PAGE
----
How you know it's war
The terrorist attack of 11 September 2001 forced a war's front line into the American public's mind. As we stand between the first attack on postmodern America and America's potential reprisal, why is there a quiet but vigorous domestic battle over our culture's internal rhetoric? ... over our conscience?
filed 26 September 2001 | Urbana, IL, USA by William Gillespie
After the terrorist attack - the quartet of airplanes and their hour-long mathematical ballet - comes a stunned silence. I don't know what to say. The realization that there are people who want to kill me, based on what I represent to them, is sobering.
I have known for some time, after all, that my government is willing, if not eager, to kill. I have sometimes felt as though I am expected to believe that these killings are done on my behalf, to protect me, but I cannot believe that I need protection from Manuel Noriega, for example, or from Grenada. A great deal of what is done supposedly in my name remains a mystery. Did they lie to me about that plane that went down in Pennsylvania when they said that a team of brave Americans overpowered the terrorists and crashed the plane? When one of those brave Americans reported smoke on the wing and a jet plane circling the area? Was that plane actually shot down by the military? If so, was that lie told to me in my name, to protect me? To protect me from the truth?
In order to protest this next war, I can't just bring up from the basement the signs protesting the last war. Because my feelings won't fit on a sign. Because slogans are suddenly the problem, not the solution: to use slogans is to speak propagandistic sound bites back to propagandistic sound bites. Because even to argue against this next war is already to have lost the argument. Lost the argument, because someone asked you "are you still in favor of terrorist attacks?" (a trick question) and you opened your mouth to answer. Because by opposing this war, you are already surrendering ground, agreeing to skip the important question "what is to be done?" by acknowledging that the answer is already war.
If you try to back up to that important and difficult question they will accuse you of trying to back up even further to the question "is anything to be done?" or even the question "is it alright to do anything?" "War, but not this war," your sign says, even though your sign thinks it says "No War Ever," because your sign does not offer an alternative to inaction. You are repeating a rebuttal at the exact moment that your opponent has changed his argument by filling in an important blank. War: because someone wants to kill you because of what you represent.
This is a moment in history for you, but not for the terrorists, for whom it is three moments, in 1972, in 1978, and in 2001. It is a line pointing through history. Perhaps they have been planning the hijackings since centuries before the buildings were built, since before New Amsterdam was stolen and the Native Americans living there slaughtered. The terrorists believe themselves conduits of destiny. From the sunrise of time they have been coming to get you, even though you are only two and one quarter centuries old. Your people are a flight across history that has only just completed takeoff and reached cruising altitude, and you had just loosened your seatbelt and were starting to relax. All those other wars we fought and you protested, whether behind your heart or in front of the courthouse, were against an enemy that could never have killed us. Not Panama nor Iraq nor former Yugoslavia nor Sudan nor Afghanistan. Many of those enemies were even individuals, such as Qaddafi and Bin Laden, and so we bombed the people living in the same country as them, but the terrorists are a cancer that has metastasized, become undifferentiated, and sewn itself through the loopholes in our arrogance. They have no manifestos, no egos, no name, no borders. Victims of history, hypnotized with hatred, coolly executing effortlessly perfect murders. Living without lives, planning only for the day they die, leaving nothing but corpses and newspapers in their wake. Leaving us nothing to look at but ourselves and our fears and suspicions.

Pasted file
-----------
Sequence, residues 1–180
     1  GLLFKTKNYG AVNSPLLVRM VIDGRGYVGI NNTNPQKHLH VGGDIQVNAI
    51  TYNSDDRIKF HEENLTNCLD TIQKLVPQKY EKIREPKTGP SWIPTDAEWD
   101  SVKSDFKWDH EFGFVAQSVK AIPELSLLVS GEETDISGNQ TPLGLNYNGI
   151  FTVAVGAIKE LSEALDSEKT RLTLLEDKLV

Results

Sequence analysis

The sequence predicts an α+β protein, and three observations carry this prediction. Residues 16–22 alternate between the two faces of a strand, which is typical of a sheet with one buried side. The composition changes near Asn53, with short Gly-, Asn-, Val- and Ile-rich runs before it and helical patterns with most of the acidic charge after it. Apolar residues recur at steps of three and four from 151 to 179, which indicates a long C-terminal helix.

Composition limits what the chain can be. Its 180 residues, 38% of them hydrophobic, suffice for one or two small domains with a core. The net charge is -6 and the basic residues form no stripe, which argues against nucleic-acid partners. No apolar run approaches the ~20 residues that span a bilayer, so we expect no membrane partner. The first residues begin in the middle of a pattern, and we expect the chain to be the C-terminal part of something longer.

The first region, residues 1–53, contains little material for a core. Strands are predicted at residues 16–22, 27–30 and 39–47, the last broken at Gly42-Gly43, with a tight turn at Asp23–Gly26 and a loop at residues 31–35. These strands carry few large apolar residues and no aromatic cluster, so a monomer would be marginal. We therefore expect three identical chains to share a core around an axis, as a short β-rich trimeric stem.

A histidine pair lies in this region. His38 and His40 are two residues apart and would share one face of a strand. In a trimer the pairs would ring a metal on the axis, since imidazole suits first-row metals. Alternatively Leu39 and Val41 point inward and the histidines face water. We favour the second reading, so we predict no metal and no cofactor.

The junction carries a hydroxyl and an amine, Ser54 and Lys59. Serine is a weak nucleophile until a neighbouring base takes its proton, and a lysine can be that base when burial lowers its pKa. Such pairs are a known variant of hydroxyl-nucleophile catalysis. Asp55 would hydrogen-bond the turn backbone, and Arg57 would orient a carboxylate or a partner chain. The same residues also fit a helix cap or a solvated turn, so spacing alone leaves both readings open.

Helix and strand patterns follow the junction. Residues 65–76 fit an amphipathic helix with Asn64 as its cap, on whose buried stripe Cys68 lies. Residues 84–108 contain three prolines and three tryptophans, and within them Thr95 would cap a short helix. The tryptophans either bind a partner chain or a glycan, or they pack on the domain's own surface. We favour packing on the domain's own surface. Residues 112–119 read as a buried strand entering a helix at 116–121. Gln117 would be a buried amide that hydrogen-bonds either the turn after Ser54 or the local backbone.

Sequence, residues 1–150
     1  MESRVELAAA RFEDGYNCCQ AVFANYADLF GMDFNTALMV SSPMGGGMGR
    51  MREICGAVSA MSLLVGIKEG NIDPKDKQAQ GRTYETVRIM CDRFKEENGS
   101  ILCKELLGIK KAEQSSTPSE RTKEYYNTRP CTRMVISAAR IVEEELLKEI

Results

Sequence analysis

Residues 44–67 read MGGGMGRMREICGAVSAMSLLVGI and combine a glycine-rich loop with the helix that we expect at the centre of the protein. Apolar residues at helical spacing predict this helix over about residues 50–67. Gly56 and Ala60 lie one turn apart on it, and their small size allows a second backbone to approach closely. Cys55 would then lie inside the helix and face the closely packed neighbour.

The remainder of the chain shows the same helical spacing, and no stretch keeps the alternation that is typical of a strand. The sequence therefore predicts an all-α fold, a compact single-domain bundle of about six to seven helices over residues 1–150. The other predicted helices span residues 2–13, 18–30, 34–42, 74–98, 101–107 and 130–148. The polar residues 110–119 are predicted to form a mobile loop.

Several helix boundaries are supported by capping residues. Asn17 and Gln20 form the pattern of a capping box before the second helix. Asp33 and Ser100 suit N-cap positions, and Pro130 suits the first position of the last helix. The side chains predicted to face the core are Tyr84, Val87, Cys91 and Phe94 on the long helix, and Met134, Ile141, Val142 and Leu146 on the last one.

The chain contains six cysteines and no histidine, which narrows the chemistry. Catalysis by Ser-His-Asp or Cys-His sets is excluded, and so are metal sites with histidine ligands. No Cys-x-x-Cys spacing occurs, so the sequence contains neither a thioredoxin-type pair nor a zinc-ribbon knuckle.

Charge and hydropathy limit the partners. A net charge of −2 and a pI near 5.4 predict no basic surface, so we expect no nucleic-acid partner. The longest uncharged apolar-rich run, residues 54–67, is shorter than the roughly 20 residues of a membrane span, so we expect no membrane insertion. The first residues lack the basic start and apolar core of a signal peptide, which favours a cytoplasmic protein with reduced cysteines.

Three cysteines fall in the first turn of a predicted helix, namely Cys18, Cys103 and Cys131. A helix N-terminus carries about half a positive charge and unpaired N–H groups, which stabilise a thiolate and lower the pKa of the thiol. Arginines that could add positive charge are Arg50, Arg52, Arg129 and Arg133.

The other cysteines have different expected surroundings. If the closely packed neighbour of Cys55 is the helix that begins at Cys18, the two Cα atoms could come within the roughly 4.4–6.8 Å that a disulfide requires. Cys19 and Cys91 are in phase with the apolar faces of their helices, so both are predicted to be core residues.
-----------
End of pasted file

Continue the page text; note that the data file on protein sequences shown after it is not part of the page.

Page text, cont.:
And so this is a critical moment, during which our fears and superstitions are revealed to us, casting shadows against the rushing whitenoise of a blank media landscape in which evidence is withheld from us for our protection. Do we, America, accept ourselves at this moment, for if not, then everything is already lost and we are a nation at war internally. But, unlike those other wars that were all silly nonsense about defending countries you had to seek out on a map or about punishing former allies turned drug-dealers or about failing to bomb individuals suspected of being terrorists (but instead blowing up a pharmaceutical factory in one of the poorest countries in the world), this next war is being fought to save your life, which is tempting to believe, because there are people who want to kill you.
"I don't want anybody to save my life," your sign says, though it thinks it says "I don't want people to be killed."
A sign can have only two colors and signify, but this is not black and white: there are grey areas here and rich shades of brown. It is not black versus white, but it must be you versus them, unless you are suicidal too. Which side are you on? War, no war, war-driven economy, not war-driven economy, failing war-driven economy, not failing war-driven economy, the terrorists have won their argument by not having it. You will have a successful war-driven economy and avenge the terrorists' suicides by dropping fire on the terrorists' people, proving the terrorists' point.